Certainly, one of the best reasons for reading this book would be to get a description of what recycling looks like in China.  Minter paints a picture of the industry that has grown up around U.S. discards.  He details a vivid picture of the people and places involved, both workers and owners, countryside and cities.

This part of the book was gritty and uncomfortable to read, and not just because of my role in the process.  No, the most uncomfortable part is that there are no definitive answers for what to do about the current exports, from an environmental or human rights standpoint.

Would legislation help the situation? Certainly, but as Minter points out, the issue isn’t even the most important problem for China right now.  And, if not China, then it’s likely another developing nation would quickly leap forward to make money off American excess, or worse, virgin materials would be mined leading to further environmental degradation and higher energy expenditure. There are more factors at play than I wanted to know, but being more informed helped me to understand how my choices contribute to this problem.

In the final chapter of Junkyard Planet, after leading us through long, grimy journey Minter closes with an extremely important takeaway for those of us who love to recycle, and want to get more people to recycle.

“Nothing – nothing – is 100 percent recyclable, and many things, including things that we think are recyclable, like iPhone touch screens, are unrecyclable… Everyone would be doing the planet a very big favor if they… conveyed a more realistic picture of what recycling can and can’t do.”

When it comes to the the three R’s, the most important one of them is the first – Reduce. Endeavor to buy only what you need, and to share what you can.  By all means, of course, continue to recycle in every way that you can. Use the resources that are out there on the web, including our own at GreenSalem, as well as others such as those at Earth911, one of the most comprehensive websites for how to recycle anything, but make it a priority to reduce first.

As for what I’ll say to my son when he asks “Where do garbage trucks go?”

I’m planning to start telling him we need to think of more ways to make less garbage and recycling, even if it means fewer trucks.


Would you like to read more by Adam Minter?  He blogs at ShanhaiScrap, and his work can be found in TheAtlantic, Wall Street Journal, Bloomberg Business and more.

Another excellent review of this book can be found by Erica Grieder at the Wall Street Journal.


This post originally appeared on GreenSalem.com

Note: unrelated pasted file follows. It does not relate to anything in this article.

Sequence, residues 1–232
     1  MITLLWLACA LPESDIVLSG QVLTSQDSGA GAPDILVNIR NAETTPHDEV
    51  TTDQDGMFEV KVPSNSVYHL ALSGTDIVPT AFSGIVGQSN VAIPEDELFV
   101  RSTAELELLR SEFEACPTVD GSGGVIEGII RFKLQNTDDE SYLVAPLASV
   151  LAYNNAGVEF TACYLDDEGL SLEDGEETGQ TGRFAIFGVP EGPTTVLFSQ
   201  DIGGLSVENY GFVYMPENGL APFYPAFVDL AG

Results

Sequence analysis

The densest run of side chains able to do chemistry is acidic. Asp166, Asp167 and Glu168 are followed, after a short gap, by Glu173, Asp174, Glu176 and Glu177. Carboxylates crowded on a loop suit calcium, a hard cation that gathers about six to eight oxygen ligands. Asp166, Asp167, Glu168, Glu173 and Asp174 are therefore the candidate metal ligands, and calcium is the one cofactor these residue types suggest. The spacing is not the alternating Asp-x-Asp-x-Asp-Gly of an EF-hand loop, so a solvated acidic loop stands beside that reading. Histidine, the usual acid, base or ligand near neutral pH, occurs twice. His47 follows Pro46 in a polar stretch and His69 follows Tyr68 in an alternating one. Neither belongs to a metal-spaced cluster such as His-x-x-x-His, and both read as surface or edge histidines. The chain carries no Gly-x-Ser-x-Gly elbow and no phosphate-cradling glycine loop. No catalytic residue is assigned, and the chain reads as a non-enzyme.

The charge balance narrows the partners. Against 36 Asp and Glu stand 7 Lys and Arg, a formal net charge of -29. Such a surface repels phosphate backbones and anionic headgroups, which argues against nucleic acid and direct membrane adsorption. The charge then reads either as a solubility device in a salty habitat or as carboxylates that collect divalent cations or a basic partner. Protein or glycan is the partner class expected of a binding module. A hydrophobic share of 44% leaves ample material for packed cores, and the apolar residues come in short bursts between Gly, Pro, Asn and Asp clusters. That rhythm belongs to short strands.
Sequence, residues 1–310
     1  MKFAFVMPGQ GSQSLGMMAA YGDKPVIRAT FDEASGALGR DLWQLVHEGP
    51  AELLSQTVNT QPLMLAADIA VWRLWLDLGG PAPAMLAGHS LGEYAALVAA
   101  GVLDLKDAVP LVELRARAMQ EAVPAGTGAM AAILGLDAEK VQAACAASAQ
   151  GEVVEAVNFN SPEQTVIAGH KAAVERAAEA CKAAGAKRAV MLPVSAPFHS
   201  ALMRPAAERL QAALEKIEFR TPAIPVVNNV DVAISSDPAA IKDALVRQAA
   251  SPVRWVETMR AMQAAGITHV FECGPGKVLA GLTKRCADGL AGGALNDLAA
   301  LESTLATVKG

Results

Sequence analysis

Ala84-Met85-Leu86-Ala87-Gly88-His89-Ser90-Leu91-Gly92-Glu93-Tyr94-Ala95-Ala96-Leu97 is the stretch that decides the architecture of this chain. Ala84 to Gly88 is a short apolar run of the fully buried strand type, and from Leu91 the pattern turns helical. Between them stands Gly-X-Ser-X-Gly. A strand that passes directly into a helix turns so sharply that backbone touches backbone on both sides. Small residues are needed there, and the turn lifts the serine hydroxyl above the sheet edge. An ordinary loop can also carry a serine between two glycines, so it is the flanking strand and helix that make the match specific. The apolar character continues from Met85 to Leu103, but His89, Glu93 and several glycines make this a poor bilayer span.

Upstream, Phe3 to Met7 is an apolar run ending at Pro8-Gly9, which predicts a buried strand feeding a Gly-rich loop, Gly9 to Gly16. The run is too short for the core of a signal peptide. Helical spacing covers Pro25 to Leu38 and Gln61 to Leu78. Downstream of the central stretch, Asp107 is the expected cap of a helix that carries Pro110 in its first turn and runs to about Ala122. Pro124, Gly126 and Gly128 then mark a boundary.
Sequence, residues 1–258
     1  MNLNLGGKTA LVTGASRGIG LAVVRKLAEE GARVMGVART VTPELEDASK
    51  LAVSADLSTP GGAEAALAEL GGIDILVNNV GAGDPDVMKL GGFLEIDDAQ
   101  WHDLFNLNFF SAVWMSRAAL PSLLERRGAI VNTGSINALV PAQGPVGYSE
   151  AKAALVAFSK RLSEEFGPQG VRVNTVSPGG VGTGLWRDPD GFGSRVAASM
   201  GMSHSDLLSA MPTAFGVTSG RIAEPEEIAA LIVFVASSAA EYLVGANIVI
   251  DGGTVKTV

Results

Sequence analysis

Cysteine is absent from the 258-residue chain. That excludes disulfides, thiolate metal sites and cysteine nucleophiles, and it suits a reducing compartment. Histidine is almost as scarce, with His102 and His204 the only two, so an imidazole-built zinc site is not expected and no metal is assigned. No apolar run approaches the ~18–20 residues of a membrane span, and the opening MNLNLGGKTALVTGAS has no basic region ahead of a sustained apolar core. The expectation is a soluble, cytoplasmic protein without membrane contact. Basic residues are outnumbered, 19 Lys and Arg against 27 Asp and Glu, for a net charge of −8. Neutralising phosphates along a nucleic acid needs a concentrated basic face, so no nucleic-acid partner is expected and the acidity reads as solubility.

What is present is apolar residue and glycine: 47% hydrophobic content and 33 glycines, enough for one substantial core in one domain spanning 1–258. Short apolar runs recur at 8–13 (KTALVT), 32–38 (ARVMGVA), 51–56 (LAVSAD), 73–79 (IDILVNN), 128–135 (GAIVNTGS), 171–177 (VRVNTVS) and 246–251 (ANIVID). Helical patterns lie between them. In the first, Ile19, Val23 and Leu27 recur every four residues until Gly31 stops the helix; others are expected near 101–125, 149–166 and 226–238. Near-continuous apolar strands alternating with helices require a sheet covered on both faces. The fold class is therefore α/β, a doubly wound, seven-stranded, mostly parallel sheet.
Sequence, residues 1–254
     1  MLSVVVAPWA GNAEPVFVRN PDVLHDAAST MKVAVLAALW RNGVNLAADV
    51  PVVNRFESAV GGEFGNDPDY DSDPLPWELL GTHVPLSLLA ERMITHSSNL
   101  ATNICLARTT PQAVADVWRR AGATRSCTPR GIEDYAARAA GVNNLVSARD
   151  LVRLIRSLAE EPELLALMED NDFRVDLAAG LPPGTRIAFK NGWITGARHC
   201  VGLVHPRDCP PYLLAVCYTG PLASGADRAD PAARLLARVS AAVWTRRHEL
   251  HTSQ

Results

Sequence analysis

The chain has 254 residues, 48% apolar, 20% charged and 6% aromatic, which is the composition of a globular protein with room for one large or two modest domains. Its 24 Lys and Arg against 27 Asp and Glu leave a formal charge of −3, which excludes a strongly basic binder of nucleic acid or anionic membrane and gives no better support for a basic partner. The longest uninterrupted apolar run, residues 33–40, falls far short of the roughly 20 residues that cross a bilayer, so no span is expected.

Summer Reading Roundup, Fall Reading Ideas

An apple tree definitely signals back to school - which equals more reading... right? Except no school for me!
An apple tree definitely signals back to school – which equals more reading… right? Except – no school for me! I’m done my MS degree!

Remember when I said I was going to read maybe half of that summer reading list? I read about a third.

But holy cow the ones I read were amazing!

(Except for Babbit. That wasn’t that great.)

I highly recommend Thinking Fast and Slow by Daniel Kahneman.  I’m planning on giving it as a gift for Christmas for some special people.  Who knew psychology and economics had so much in common… not me – but now I do. This book is almost dauntingly big, but you can read it 10 page chapter by 10 page chapter as a nightly devotional.

I’ve been reading Metamorpha with my husband, and it’s allowed for some really great conversations about how Christianity is a journey, not a destination, or a past gate we walked through when we were “saved” so many years ago.  I’m loving Kyle Strobel’s overarching framework of a trifecta of worldview informers who help Christians through life: the Bible, good community, and the Holy Spirit.

I re-read the entirety of Lev Grossman’s trilogy – including the final book The Magician’s Land which kicked ass by tying up all the loose ends and being satisfyingly well written. Yep, I recommend all three – and my awesome Librarian friend Anna reviewed the book here.

I just finished Aubrey Daniel’s classic Bringing out the Best in People, which is the popular version of his textbook Performance Management, which I mistakenly thought I wanted to read. I didn’t really feel like reading a textbook. Really. Daniel’s is a huge proponent of positive reinforcement, with reinforcement being used in the psychological sense.  The book makes a lot of sense for both managers, teachers, and parents to read.  It wasn’t exactly scintillating – but I gleaned some important lessons.

The Locust Effect by Gary Haugen was powerful, but oh so sad.  I read it on the plane to and from my brother-in-laws wedding – which helped to not make it as sad as it could have been.  Otherwise it’s the type of book that will depress you for weeks.  The basic premise is that unless violence is alleviated in third world countries with serious justice systems and police accountability there will be no relief from poverty no matter how much money is thrown at the problem.  The stories are really heartbreaking.